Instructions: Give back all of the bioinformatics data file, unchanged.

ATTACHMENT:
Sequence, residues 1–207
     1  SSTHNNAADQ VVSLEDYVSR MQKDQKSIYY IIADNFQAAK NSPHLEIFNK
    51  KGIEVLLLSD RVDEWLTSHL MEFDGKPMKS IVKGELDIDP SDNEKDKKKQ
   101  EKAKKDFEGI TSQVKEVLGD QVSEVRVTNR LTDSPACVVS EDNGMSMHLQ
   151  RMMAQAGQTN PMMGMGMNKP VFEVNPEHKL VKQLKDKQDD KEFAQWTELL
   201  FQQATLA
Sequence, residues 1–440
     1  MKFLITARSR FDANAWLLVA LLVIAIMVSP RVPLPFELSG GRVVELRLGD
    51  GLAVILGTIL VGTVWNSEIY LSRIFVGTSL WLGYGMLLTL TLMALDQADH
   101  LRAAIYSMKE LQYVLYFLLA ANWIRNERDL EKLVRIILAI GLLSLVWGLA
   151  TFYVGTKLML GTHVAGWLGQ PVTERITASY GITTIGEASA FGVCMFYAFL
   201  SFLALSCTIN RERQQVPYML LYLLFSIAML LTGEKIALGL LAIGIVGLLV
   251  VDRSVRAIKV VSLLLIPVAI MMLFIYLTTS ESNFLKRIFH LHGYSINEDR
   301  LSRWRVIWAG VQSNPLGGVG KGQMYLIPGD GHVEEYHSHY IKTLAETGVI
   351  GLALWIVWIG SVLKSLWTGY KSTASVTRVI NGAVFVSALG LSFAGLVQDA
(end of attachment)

Sequence, residues 1–207
     1  SSTHNNAADQ VVSLEDYVSR MQKDQKSIYY IIADNFQAAK NSPHLEIFNK
    51  KGIEVLLLSD RVDEWLTSHL MEFDGKPMKS IVKGELDIDP SDNEKDKKKQ
   101  EKAKKDFEGI TSQVKEVLGD QVSEVRVTNR LTDSPACVVS EDNGMSMHLQ
   151  RMMAQAGQTN PMMGMGMNKP VFEVNPEHKL VKQLKDKQDD KEFAQWTELL
   201  FQQATLA
Sequence, residues 1–440
     1  MKFLITARSR FDANAWLLVA LLVIAIMVSP RVPLPFELSG GRVVELRLGD
    51  GLAVILGTIL VGTVWNSEIY LSRIFVGTSL WLGYGMLLTL TLMALDQADH
   101  LRAAIYSMKE LQYVLYFLLA ANWIRNERDL EKLVRIILAI GLLSLVWGLA
   151  TFYVGTKLML GTHVAGWLGQ PVTERITASY GITTIGEASA FGVCMFYAFL
   201  SFLALSCTIN RERQQVPYML LYLLFSIAML LTGEKIALGL LAIGIVGLLV
   251  VDRSVRAIKV VSLLLIPVAI MMLFIYLTTS ESNFLKRIFH LHGYSINEDR
   301  LSRWRVIWAG VQSNPLGGVG KGQMYLIPGD GHVEEYHSHY IKTLAETGVI
   351  GLALWIVWIG SVLKSLWTGY KSTASVTRVI NGAVFVSALG LSFAGLVQDA